Jan '05 - Jan '07
On the way back to timisoara.
The train I'm in is so dirty that you are under the impression that sitting down may affect your health. I'm at first class. I've been forced too many times too listen to other people's loud discussions while being pressed in one corner trying to avoid any kind of contact. The only difference between 1st and 2nd class is that in the same compartment there are 6 instead of 8 seats. It stinks and everything is dirty. I wait for the train to start as that is the only chance for some fresh air.
A woman is cleaning up: she empties the trash can on the floor and sweeps it, together with the dirt from all other compartments, to the end of the car.
Finally the train started, I don't have to hold my breath anymore. The ticket costs 2.5$ and it will take 3 hours for 100 km. Eternity ends sooner. And trains are unfortunatelly not the only thing moving slowly in this country. Anyway, not all trains are like this but my hometown is a dead end. On main routes you are luckier.
I live now for 4 years away from my hometown (less then 100.000 people). Each time I come back I feel more estranged. Living in a city like Timisoara (2nd biggest city in RO), having acces to internet and international tv channels may affect your sense of reality. But as soon as you live the urban area it strucks you. From details to important things, from the country houses' facades to the holes in the roads (this is a major prbl). It is uncivilized.
You have to understand, I'm not trying to show you Ro darkest side and I am not carried away and complaining about the state of this place. All are just pure observations, trying to show you what it's like for an arch student here and I'm giving my best to be objective. And I promise I'll show you some of the good things around here, as soon as I get to them.
I have two no. of ”˜Detail' in my bag and I tried to read them, but the view won't let me. It's like reading ”˜cosmo' and then looking at the people on the street. No glimpse, no similarities. Arch is a luxury.
So let me tell you how the houses are around here: mostly they have 1 story, structure brick walls, small rectangular windows, 2-3 rooms a roof with two or four slopes, tiles, facades are mostly continous or separated by a small fence, garden only in the back, the front is not longer then 8-10 meters, in the back of the house you will always find adjacent small improvised buildings (some for depositation). There are probably less then 5% that don't have improvisations. I never understood why these house don't use the space in the mansard (it could be another room) and instead waste it with depositation. The kitchen is the most important room as it is the hottest one (from cooking). That's why you can often find a bed in the kitchen.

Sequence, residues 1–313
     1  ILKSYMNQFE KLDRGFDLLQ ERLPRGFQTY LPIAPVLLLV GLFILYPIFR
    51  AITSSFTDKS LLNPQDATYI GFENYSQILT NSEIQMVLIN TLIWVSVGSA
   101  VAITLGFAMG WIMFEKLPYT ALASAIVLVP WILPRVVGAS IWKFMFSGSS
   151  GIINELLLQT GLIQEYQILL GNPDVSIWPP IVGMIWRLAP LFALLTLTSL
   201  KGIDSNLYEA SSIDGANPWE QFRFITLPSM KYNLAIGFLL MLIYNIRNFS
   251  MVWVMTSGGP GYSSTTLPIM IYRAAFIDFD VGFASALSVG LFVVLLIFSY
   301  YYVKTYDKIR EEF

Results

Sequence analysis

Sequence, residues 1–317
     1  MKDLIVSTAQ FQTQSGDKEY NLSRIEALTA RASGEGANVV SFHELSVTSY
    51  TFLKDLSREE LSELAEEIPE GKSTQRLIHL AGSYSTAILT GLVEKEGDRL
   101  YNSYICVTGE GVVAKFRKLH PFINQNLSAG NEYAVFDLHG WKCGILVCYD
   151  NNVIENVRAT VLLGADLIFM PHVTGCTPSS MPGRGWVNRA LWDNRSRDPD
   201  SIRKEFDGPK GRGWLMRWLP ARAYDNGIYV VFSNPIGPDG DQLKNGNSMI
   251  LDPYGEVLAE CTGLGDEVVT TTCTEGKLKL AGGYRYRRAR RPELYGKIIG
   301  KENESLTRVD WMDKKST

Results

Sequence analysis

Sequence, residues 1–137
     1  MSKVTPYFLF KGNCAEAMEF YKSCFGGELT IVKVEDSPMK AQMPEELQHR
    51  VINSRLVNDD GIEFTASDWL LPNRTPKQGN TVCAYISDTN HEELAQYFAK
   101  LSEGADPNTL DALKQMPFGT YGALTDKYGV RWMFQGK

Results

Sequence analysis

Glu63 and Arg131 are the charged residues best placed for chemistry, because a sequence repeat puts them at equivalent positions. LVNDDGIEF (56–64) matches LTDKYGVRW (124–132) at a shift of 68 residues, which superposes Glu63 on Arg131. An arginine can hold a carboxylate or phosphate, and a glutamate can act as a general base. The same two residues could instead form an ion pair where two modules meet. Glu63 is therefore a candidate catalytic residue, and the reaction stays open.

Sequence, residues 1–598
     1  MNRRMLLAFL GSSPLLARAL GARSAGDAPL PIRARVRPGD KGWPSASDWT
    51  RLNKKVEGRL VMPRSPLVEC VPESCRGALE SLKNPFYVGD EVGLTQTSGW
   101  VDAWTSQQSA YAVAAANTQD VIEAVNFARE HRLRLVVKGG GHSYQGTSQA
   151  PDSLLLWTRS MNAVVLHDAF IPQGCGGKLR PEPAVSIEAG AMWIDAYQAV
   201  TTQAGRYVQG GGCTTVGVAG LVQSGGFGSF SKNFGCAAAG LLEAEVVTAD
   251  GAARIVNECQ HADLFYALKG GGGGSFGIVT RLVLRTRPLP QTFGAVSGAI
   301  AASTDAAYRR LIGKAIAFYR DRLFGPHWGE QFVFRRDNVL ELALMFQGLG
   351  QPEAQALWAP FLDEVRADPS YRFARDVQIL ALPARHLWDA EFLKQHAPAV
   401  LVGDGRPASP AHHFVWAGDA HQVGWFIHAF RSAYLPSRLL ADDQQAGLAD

One day I hope to make a small study on my own, and analyse some country houses. Its been done before, but it could be fun. I suppose...
The train stopped in a village. In a house garden near the station (about 8x10 meters) people were having a party: music, barbecue, beer, noise. All passangers looked at them while they were dancing, shouting and waving to us. For a few seconds we took part at their party.
Now some pics from around.
this is a house destroyed by the floods. And these isn't the worst scenario.
you might notice that on the right part the roof is missing.
i actually wanted to photograph the 'warning - COW!' sign, instead i discovered at home it was a 'warning - bull!' sign...
this is my father's neglected 33 years old car. i thought about sending it to 'pimp my ride' (too much bad TV!). the car called 'dacia' is an original romanian production, available in eastern EU. now there are some newer versions of it. Today the firm was bought by Renault, the latest 'dacia' is Logan (around 7000 Euro). it fits the market, as most ro people seem to have a weekness for this 'brand' (to call 'dacia' a brand is really hilarious).
the neat interior...